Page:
There’s no doubt that this year’s budget was designed to be completely different from the previous, with young families, small business and farmers the big winners.
Far from being controversial the announcement has in general been welcomed, with many commentator’s referring to it as the ‘have a go’ budget. Here’s a summary.
The government has set aside $3.5 billion to make child care more affordable through the introduction of a means tested Child Care Subsidy, replacing the childcare benefit/rebate. The government wants to encourage more people into the workforce, therefore an amount of child care hours subsidised will be “closely aligned” to how much time a parent spends working, training, studying or volunteering.
Superannuation and pensioners
Although there are no changes to superannuation, there is a range of measures for pensioners: This includes an increase in the assets test threshold for the age pension, whilst increasing the test taper phase-out rate. Terminally ill people will also have earlier access to superannuation.
$450 million has been set aside to boost national security by giving various intelligence agencies more resources. Money is allocated to boost the technological capabilities of Australia’s intelligence gathering agencies, train the new border protection service (the Australian Border Force) and for social media monitoring (to help counter the online extremist dogma of groups like Islamic State).
Money has also been set aside to help the telecommunications industry to comply with the new metadata laws (which forces telcos to store the metadata of their customers for two years).
The budget contains new initiatives in the “Jobs and Small Business” package, which applies to businesses with aggregated turnover of less than $2 million. It provides immediate deductibility for asset purchases up to $20,000, and a tax rate to 28.5%. Unincorporated entities can enjoy a 5% tax discount (capped at $1,000).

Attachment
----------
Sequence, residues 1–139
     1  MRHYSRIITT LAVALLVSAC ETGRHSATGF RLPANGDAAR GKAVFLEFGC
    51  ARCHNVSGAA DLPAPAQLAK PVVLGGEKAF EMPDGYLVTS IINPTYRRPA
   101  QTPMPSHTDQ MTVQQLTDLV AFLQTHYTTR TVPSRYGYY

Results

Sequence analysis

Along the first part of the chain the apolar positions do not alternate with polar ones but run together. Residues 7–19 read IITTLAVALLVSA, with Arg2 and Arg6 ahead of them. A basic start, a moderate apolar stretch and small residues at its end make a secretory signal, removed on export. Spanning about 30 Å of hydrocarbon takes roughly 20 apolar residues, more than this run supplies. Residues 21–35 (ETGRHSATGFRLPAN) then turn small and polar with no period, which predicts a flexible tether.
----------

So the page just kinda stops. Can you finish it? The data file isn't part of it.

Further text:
Farmers battling drought will get a lifeline, with $250 million set aside to continue the Drought Concessional Loan Scheme for one more year.
Other benefits for farmers include the ability to claim fences and new water storage as tax write-offs, as well as money will be made available to help farmers in drought-affected areas to lessen the impact of pest animals.
Road infrastructure for cattle supply chains in the north, a boost to infrastructure in drought-affected areas via the establishment of a new grants system and a portion to go toward extending social and community support services for an extra 20 local government areas. There will also be an extra $1.8 million for more counselors in rural areas.
Other budget highlights
- 30 multinational known tax-avoiders have been targeted to pay more tax in Australia.
- Backpackers will now pay 32.5% tax from the moment they arrive and earn in Australia.
- The so-called ‘Netflix tax’ will see the government set to profit from overseas businesses supplying digital products and services to Australians – these will be subject to GST from 1 July 2017. It is expected to raise $350 million for the states in the first two years.
- The current $41.1 billion deficit is projected to be reduced to $35.1 billion by 2015-16, falling to $6.9 billion in 2018-19.
Certainly, all budgets will rustle a few feathers, but overall, this is a cautious one. Perhaps this year we can expect an easier transition and less media attention over the coming 12 months.